East Greenwich resident to graduate from URI as top microbiology student
Todd McLeish, 401-874-7892
Next stop: Brown Medical School
KINGSTON, R.I. -- May 13, 2005 -- Salma Faghri’s busy college career included trips abroad to study in Spain and France, as well as research projects involving tick vaccines and explosives. As she prepares to graduate on May 22 as the top microbiology student at the University of Rhode Island, she’s looking forward to the next steps on her way to becoming a doctor at Brown Medical School.
A 21-year-old East Greenwich resident, Faghri has had her sights set on becoming a doctor ever since her older sister started down the same path several years ago. “Hearing about the things she did in med school and seeing her go through the process got me excited about the challenges involved,” said Faghri.
It didn’t take long before she immersed herself in activities that would lead her to medical school. As a freshman she joined URI’s student-run Emergency Medical Services program and later became coordinator of the University’s CPR training center. She got her first laboratory research experience studying the interface between explosives and human hair.
“The project was designed to see if it is possible to identify people who might have been handling explosives by seeing how explosive residue attaches to human hair,” she explained. “So we put TNT in a jar with some hair to see if something from the vapor of the TNT adheres to the hair. I had the opportunity to help with the preliminary experiments in the research, and it made me interested in gaining more research experience.”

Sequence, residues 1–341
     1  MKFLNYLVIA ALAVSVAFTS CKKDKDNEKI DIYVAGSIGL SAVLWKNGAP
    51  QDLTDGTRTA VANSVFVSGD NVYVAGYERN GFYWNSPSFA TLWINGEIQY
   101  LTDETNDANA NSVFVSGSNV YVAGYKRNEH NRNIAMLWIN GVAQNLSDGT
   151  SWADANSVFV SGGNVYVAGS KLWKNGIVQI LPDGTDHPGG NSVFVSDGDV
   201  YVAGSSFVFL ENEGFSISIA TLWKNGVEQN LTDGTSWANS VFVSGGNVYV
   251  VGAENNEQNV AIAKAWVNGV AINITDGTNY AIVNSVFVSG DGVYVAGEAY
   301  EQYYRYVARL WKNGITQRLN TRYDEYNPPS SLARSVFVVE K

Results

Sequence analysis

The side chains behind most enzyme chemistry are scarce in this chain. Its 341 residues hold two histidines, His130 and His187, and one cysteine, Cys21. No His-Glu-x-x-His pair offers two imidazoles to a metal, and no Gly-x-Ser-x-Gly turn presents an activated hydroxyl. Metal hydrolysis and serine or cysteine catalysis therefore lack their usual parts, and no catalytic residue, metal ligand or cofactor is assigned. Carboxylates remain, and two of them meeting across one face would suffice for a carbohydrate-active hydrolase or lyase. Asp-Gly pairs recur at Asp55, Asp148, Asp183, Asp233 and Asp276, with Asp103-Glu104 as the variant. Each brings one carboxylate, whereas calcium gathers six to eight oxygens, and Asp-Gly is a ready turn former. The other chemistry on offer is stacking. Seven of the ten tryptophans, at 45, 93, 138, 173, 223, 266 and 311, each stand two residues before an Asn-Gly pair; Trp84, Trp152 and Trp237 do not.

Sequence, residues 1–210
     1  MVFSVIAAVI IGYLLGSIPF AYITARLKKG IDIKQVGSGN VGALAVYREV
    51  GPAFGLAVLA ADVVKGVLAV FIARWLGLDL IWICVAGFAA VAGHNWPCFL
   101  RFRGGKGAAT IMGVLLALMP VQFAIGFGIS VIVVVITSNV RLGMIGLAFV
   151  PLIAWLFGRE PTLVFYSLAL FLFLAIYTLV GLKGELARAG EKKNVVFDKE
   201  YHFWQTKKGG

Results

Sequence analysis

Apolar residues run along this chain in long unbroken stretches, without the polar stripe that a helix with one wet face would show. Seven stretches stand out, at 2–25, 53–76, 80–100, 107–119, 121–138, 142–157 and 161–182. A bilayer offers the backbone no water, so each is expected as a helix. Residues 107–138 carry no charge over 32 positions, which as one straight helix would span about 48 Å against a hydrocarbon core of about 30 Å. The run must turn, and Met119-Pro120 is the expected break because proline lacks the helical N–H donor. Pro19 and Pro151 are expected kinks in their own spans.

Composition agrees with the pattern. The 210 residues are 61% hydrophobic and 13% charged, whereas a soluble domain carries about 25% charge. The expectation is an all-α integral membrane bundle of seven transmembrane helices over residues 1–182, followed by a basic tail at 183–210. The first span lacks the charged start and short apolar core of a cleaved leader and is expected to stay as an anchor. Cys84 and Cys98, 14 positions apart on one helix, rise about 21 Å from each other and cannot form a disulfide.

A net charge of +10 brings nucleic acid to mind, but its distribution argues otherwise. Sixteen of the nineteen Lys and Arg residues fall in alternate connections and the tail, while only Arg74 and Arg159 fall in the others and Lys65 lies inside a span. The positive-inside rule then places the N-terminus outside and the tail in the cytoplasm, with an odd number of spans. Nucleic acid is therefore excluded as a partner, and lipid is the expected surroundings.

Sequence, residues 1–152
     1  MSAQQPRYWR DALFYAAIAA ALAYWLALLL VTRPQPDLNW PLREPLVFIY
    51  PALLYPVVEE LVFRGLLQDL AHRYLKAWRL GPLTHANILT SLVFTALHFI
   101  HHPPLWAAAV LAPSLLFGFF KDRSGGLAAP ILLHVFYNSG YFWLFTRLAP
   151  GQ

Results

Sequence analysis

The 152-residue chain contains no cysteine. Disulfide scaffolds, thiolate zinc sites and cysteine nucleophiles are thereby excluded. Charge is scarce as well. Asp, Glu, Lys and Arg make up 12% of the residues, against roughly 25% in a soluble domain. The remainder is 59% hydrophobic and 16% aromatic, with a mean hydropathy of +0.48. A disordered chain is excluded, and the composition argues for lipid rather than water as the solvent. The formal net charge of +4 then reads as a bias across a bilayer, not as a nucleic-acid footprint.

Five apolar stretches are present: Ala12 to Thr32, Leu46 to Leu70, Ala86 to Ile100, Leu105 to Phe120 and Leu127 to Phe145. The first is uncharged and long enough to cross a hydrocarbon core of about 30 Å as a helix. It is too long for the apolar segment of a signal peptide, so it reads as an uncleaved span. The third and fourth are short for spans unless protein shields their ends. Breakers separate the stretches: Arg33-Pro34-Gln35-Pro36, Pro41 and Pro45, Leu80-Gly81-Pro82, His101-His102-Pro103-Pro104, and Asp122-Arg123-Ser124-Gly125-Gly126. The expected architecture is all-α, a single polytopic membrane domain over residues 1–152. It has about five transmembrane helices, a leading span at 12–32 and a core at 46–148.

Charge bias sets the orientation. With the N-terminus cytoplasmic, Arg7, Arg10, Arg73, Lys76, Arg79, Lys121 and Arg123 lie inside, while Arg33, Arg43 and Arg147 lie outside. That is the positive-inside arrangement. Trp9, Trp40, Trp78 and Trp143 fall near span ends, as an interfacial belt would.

Faghri later worked in URI’s Cancer Prevention Research Center and Brown University’s Center for Behavioral and Preventative Medicine. Then, as a URI junior, she earned a fellowship to conduct research on the genetics of the salivary glands of ticks.
“We used the genes from the tick saliva to try and make an anti-tick vaccine, so when a tick bites you, you’ll be protected against the diseases they transmit,” said Faghri, whose sister and mother earned degrees from URI and whose father is a URI engineering professor.
Not everything Faghri did at URI was geared toward becoming a doctor, though.
“I love learning other languages and about other cultures,” she said. “Though I was born in Providence, I grew up speaking Farsi and English, I learned French in junior high and high school, and I started learning Spanish at the end of high school.”
She built on those experiences at URI, and spent the summer of 2002 studying at the University of Orleans, France, and the summer of 2004 studying in Salamanca, Spain. “Those were great experiences because I really got to use the language and practice talking to others. And I met so many great people!” she said.
On returning from France, she co-founded the French Club at URI to share her experience abroad with other students. “We have a weekly French conversation hour, and also had French movie nights, crepe parties, and international dinners,” said Faghri, who minored in French and Spanish.
After graduating from URI, Faghri will spend the summer in Bethesda, Md., interning at the National Cancer Institute conducting research on a rare skin disorder, and then she’ll enter Brown Medical School next fall.
“I’m a little nervous about med school, but also excited,” she said. “Everything is happening so fast.”